Purchasing a Home: The Down Payment

Many first time home buyers don’t understand that purchasing a home costs money. I frequently hear “I want to buy a home, what do you mean I have to put money down?” There are some mortgage programs that require little to no money down and depending on where you live there might be a program that offers down payment assistance. However, when you purchase a home there are some costs associated with the transaction that cannot be financed. Let’s discuss some of the costs associated with purchasing a home.

First, is the earnest money deposit. When you make an offer to purchase a home the earnest money is a deposit the purchaser puts down to show the seller of the home that you are committed to purchasing the home. How much earnest money deposited varies depending on the real estate market. In a slow market it could be as little as $500.00, in a busy market where houses are selling quickly it could be as much as 3% of the purchase price. Generally, the earnest money deposit is held in an escrow account and is applied towards the down payment and closing costs.

Then there is the home inspection. Once the purchase and sales agreement is signed the buyer has approximately 15 days to have a home inspection conducted. A home inspection is a comprehensive inspection of the structural and electrical conditions of the home. Every home buyer should have a home inspection conducted by a licensed and certified inspector on the home they are purchasing for their protection. The cost of a home inspection varies depending on the size of the home and what inspections are performed. The home inspector evaluates the condition of the structure, construction and mechanical systems; identifies if anything needs to be repaired or replaced; and estimates the remaining life of the major systems, structure, and equipment. Information gathered during the home inspection allows the buyer to ask for repairs to be done if something is broken, plan for repairs and maintenance, or potentially back out of the deal if unsatisfactory.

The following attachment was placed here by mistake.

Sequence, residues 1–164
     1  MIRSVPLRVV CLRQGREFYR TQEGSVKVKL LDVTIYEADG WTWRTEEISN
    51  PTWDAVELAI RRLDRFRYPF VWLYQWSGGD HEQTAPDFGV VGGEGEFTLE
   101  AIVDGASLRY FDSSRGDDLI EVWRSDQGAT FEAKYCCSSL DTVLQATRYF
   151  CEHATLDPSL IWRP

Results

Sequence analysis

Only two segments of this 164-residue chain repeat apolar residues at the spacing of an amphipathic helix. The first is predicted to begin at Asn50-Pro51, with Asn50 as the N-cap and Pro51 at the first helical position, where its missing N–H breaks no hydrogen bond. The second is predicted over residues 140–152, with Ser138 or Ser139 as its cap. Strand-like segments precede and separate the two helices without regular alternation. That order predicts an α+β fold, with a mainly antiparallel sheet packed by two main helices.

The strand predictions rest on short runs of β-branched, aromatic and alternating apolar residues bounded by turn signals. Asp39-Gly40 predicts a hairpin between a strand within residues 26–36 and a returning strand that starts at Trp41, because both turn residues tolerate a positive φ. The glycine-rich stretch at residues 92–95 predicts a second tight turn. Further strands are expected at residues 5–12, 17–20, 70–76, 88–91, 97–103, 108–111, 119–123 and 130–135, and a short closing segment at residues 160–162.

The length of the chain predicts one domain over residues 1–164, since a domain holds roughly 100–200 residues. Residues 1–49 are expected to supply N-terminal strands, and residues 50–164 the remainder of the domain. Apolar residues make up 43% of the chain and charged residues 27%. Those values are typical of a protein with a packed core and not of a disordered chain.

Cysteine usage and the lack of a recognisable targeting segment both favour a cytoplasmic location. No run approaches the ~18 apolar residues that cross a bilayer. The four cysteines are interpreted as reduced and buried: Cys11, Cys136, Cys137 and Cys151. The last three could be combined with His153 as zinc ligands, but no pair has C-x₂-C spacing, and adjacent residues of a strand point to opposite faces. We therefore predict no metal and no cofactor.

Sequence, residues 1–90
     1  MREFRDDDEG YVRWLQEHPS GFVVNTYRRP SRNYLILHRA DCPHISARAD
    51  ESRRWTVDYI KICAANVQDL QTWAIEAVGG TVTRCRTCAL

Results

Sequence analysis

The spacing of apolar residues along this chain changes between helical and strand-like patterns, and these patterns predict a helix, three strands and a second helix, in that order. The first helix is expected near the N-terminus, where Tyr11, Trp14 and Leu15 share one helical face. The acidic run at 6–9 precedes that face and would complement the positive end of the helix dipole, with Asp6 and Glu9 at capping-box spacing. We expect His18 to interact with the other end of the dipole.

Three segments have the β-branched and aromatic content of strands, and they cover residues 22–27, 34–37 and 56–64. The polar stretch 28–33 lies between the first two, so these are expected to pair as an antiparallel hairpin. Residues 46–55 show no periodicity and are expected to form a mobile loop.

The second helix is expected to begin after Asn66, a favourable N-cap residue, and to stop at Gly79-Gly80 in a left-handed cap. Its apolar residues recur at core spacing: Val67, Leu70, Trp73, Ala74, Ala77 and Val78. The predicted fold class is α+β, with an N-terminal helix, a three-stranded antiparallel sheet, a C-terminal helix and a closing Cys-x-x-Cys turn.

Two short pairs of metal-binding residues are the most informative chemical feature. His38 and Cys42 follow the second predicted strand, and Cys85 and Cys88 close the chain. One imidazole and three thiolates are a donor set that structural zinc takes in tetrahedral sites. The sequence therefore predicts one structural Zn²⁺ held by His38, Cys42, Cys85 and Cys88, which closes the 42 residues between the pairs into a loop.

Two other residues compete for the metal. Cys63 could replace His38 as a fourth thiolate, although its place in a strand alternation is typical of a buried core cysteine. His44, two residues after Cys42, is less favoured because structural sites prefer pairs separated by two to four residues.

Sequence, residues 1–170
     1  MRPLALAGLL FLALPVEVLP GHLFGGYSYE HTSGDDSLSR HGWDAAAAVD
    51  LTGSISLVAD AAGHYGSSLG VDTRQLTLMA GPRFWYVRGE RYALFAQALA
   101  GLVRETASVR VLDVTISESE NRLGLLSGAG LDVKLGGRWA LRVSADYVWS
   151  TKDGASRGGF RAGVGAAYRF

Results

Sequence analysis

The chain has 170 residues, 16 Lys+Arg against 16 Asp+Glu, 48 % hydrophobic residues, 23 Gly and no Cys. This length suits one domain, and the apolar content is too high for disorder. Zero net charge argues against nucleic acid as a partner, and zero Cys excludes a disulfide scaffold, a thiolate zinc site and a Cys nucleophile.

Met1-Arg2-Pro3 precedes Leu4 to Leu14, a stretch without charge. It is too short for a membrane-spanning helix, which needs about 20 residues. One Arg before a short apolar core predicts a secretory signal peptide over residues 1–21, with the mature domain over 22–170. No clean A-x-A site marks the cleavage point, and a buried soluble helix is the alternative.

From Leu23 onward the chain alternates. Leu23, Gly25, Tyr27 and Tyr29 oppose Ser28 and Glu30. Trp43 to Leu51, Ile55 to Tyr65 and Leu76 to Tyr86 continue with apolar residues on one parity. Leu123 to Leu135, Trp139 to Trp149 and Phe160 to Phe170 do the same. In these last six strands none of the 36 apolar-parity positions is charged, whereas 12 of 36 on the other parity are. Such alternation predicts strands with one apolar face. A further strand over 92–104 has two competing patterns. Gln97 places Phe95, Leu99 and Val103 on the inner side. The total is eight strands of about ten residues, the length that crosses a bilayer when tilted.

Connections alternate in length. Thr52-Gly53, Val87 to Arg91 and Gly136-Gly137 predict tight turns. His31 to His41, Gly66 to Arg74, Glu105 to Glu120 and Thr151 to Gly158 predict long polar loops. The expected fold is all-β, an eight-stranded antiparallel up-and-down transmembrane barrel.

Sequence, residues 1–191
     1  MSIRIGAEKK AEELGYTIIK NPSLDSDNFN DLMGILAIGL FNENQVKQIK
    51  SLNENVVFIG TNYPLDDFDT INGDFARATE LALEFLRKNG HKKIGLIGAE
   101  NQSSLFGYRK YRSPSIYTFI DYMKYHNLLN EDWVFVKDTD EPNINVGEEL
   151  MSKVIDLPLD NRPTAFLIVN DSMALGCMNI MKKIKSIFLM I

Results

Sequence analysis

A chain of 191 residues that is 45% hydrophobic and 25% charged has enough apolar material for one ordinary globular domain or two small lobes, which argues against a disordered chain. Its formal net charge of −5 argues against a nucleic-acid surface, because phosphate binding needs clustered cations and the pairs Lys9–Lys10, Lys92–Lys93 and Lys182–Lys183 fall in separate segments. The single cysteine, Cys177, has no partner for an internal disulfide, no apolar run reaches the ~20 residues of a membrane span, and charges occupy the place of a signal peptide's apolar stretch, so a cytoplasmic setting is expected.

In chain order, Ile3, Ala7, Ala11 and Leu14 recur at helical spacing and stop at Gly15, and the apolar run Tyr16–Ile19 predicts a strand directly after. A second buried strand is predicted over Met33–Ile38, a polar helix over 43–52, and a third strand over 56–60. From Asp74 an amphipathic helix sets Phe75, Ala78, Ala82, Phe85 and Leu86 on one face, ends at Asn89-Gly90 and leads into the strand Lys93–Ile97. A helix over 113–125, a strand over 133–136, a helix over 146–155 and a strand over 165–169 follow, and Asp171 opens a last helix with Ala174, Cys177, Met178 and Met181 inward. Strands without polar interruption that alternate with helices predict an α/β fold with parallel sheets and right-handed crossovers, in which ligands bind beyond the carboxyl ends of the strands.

Finally, there are closing costs. When purchasing a home there are fees associated with the transaction that are paid at the closing of the real estate transaction. Closing costs may include appraisal fees, title insurance, surveys, and prepaid costs such as property taxes and homeowners insurance. How much is paid in closing costs varies, but is generally between 3% and 6% of the purchase price.

Ultimately, purchasing a home is a long-term financial commitment that begins the minute the purchase offer is signed.


Posted: March 23, 2018

Category: Money Matters
Tags: Family Resource Management, Personal And Family Finances


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October 21, 2021

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July 11, 2019

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September 4, 2018

Great information. Thank you.


April 26, 2018

Absolutely! Programs to assist with down payment and closing costs vary depending on where the person is looking to purchase. Potential home owners can contact the housing services agency to learn what programs might be available.

Keith Gumbinger
April 26, 2018

In addition to the downpayment, total out-of-pocket costs to buy a home can easily run 6% to 8% of the purchase price, factoring in things like prepaying for a homeowners insurance policy and funding escrow accounts for taxes and more. That said, there are state-backed programs that can provide assistance to potential homebuyers with downpayment and funds for closing costs. These typically come in the form of low- or no-interest second mortgage loans but sometimes in the form of outright, no repayment grants, and may cover some or all of the up-front costs needed to purchase a home. Regardless, good financial habits are key to successful homeownership. The ability to save, budget and plan for future expenses are needed skills, and the homebuyer education courses that often accompany these offers are a great place to start.


March 8, 2018

Thank you! As a financial counselor I have been working on trying to get everyone in my county to have an emergency fund of at least $500.00. Start small, but dream big. Sarah

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March 7, 2018

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February 19, 2018

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Garry Gammon
February 18, 2018

Excellent, this subject is so important and can change the world if corrected. I’m an ex-banker and current financial advisor. My passion is to help people understand saving for retirement. Keep up the great work! Garry

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January 31, 2018

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